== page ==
Shannon Dominguez works at least 70 hours per week at Upcountry Maui’s Haku Baldwin Center.She directs a popular community program called Animal-Assisted Therapy. Several times per week, she loads up her truck with a menagerie of well-trained animals–including dogs, rabbits, guinea pigs, ducks & chickens–and visits people who are elderly, infirmed or disabled. Her therapy animals bring comfort to about 400 people per month on Maui.
I tagged along with Dominguez and her crew, and in about three hours we visited nearly 65 elderly and disabled people. Here’s how a typical animal-assisted therapy visit works. Residents of a skilled nursing facility gather in the activities’ room. Some have just come from physical therapy, dialysis or a visit with their doctor; others have gotten out of bed for the first time that day. Most sit in wheelchairs. I walked with a certified therapy dog around to each resident and asked if he or she would like to meet a nice dog. Some people don’t like dogs, and we moved on. But many love animals and did their best to pet the dog with knotted hands. Faces light up, and for a few moments, pain melts away. Some residents remained focused on the animal for the entire visit, while others after a minute or two started chatting with me. One elderly woman patted the dogs head and then showed me the newspaper she was holding. She was reading her eldest son’s obituary.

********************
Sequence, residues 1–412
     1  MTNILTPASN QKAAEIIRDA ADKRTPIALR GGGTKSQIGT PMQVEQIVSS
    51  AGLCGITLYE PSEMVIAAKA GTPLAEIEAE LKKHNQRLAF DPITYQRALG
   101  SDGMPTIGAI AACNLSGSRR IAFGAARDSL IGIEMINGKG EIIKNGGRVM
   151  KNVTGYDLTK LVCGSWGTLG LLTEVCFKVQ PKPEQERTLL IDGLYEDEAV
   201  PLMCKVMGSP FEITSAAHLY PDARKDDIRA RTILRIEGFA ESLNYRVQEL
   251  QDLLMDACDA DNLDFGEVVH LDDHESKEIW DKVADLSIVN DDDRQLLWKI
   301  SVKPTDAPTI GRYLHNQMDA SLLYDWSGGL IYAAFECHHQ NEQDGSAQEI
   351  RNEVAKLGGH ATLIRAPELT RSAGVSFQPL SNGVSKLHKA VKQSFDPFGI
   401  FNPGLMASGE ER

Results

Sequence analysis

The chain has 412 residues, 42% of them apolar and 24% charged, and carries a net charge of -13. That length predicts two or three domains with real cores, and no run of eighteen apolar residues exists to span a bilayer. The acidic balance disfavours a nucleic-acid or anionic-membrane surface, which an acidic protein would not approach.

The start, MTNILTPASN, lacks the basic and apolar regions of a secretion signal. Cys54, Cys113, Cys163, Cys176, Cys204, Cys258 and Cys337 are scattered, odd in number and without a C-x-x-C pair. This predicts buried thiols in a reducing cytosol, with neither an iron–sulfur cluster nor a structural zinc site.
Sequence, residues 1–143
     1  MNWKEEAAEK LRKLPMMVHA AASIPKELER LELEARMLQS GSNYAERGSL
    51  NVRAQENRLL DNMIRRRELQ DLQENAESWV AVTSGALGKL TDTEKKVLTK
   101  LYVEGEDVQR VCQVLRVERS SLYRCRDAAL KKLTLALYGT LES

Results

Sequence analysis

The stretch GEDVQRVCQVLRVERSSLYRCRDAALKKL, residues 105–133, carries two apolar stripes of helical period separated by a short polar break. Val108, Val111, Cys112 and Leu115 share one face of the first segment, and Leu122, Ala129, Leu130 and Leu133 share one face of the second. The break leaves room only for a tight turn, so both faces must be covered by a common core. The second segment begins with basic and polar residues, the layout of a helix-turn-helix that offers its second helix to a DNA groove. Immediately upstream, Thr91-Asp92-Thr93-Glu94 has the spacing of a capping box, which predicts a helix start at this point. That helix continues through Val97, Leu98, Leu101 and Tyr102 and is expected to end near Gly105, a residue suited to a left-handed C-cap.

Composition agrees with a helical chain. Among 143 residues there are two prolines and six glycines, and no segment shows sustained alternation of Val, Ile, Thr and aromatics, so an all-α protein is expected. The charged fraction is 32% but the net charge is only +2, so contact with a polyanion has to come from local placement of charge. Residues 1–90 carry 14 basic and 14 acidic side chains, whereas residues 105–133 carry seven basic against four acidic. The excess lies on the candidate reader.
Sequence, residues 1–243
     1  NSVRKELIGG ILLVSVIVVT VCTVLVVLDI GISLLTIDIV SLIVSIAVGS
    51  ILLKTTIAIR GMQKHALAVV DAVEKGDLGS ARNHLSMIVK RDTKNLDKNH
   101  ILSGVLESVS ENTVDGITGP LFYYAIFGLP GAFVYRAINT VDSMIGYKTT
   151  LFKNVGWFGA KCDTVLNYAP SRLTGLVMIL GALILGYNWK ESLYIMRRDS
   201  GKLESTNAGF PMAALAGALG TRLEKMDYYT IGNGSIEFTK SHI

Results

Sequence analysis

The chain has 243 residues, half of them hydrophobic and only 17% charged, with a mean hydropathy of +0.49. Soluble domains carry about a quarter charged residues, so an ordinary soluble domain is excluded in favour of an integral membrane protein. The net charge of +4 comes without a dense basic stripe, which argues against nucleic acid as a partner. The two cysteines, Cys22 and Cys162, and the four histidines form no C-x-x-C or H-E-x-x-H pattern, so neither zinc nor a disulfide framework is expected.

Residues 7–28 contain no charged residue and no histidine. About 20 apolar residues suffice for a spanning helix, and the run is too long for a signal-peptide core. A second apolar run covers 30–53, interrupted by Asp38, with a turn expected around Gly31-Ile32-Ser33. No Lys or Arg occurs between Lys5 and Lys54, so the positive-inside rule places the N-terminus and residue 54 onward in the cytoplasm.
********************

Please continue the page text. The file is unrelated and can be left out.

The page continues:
There is more demand on Maui for animal-assisted therapy than she can meet, explained Dominguez. For example, veterans returning from Iraq and Afghanistan with PTSD (post-traumatic stress disorder) might benefit from animal-assisted therapy, but in order to serve them, Dominguez would have to double the size of her operation. It’s a problem that many small non-profit organizations face: a larger operation would mean a much greater administrative paperwork burden and less time doing the work. That’s not likely to happen any time soon, given Dominguez’s dedication to the programs she runs matched by existing funding for the Haku Baldwin Center and the AAT program comes from a private endowment. But Dominguez added that private donations are always welcome.